During the keynote, Microsoft said that they're focusing heavily on security with the updated release of Windows. One of the features they dug into later in the day is called "Provable PC Health," a cloud based service that checks your machine to determine whether it's been infected. Today we dig into another key security feature that Microsoft expects to be ubiquitous: Biometrics.
Chris Hallum, Senior Product Manager for Windows Client Security, gave us information about Microsoft's vision for implementing biometrics in the Windows Blue update. Specifically, the company wants fingerprints to be the best, easiest, and most common authentication method for all future computers and tablets. Although many laptops already have fingerprint readers built in, they require third party software and the registration process is difficult at best, two things that have been holding back adoption of the technology. In addition, the process is different depending on the software, and, aside from the Windows login process, most apps do not support biometrics. These things have delayed the adoption rates of biometrics.
To help meet this goal, Microsoft is teaming up with a company called Fingerprint Cards to produce high quality capacitive readers. They plan on working with OEMs to implement these readers in keyboards, laptops, tablets, and more. While Hallum was unable to give any specific release dates, he said they fully expect to see devices available by the end of the year. He also hinted that the Surface keyboard may receive this update first, but again this was not confirmed.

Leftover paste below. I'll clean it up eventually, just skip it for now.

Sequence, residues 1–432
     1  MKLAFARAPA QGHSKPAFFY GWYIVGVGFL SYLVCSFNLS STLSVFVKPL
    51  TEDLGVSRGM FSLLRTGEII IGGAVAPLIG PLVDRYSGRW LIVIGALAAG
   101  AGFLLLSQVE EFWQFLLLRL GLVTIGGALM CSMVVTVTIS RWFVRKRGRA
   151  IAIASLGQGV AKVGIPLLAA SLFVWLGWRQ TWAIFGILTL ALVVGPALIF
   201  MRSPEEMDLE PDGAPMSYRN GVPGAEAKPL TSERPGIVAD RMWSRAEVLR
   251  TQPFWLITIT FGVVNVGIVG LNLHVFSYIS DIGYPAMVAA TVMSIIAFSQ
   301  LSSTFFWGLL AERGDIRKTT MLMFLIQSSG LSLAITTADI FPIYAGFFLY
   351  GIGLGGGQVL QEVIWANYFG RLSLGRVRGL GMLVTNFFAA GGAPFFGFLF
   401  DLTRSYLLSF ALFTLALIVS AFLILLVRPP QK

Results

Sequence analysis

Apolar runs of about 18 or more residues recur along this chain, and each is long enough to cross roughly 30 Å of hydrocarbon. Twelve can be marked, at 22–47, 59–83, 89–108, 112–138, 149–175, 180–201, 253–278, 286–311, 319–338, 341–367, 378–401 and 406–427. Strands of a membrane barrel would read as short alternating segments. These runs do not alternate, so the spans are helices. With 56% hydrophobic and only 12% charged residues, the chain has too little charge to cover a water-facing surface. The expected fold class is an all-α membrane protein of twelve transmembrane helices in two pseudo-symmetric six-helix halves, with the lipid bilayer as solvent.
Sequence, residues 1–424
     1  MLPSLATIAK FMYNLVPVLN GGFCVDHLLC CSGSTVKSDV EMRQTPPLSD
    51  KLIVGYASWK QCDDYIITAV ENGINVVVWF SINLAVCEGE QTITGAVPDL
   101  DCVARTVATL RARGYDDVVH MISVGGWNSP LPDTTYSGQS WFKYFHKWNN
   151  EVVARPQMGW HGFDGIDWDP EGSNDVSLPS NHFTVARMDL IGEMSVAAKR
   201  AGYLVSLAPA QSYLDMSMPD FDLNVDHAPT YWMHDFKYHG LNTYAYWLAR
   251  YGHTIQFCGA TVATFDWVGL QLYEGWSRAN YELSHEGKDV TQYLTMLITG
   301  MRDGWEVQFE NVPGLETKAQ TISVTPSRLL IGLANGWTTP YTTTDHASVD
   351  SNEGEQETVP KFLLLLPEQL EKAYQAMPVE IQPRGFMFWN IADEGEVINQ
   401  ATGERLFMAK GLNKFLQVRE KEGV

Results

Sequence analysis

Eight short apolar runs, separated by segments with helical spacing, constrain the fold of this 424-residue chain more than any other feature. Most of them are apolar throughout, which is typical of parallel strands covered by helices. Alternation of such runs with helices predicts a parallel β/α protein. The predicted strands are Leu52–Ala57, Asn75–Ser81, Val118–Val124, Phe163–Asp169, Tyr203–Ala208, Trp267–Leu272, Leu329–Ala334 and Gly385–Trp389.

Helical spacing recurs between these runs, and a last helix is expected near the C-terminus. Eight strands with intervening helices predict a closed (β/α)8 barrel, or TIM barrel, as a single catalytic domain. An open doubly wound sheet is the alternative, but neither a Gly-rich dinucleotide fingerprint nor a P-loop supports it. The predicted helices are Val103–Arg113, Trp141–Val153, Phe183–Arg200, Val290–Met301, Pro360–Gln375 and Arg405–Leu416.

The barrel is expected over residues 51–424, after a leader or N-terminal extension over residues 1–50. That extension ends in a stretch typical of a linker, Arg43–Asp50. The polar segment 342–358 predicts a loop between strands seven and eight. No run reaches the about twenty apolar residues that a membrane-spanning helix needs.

Unlike current readers that can be fooled with simple silicone replicas, modern scanners can tell whether the finger is alive or not. In addition, they work by simply placing your finger on the reader and not by swiping your finger along the scanner like current implementations.
Microsoft also expects that companies will embed this technology within their applications by using the provided API. A bank, for example, could create an app that shows your balance with just a password, but requires your fingerprint to withdraw money, thus improving security. Windows 8.1 will have this functionality included in Windows Store, Xbox Music, and Xbox Video to start. Unfortunately, this functionality will only be available in Modern apps.
Hellum was quick to point out that Microsoft has no plans to offer a way to centrally store a user's fingerprints. Integrating into Active Directory, while cool, would open up too many privacy concerns.
UPDATE: Chris Hallum reached out to clarify the comments on the Surface keyboard receiving a biometric reader in the near future. He said that he's not aware of any plans to implement readers on detachable keyboards since they may not be with the device when needed.
Fingerprint image from Shutterstock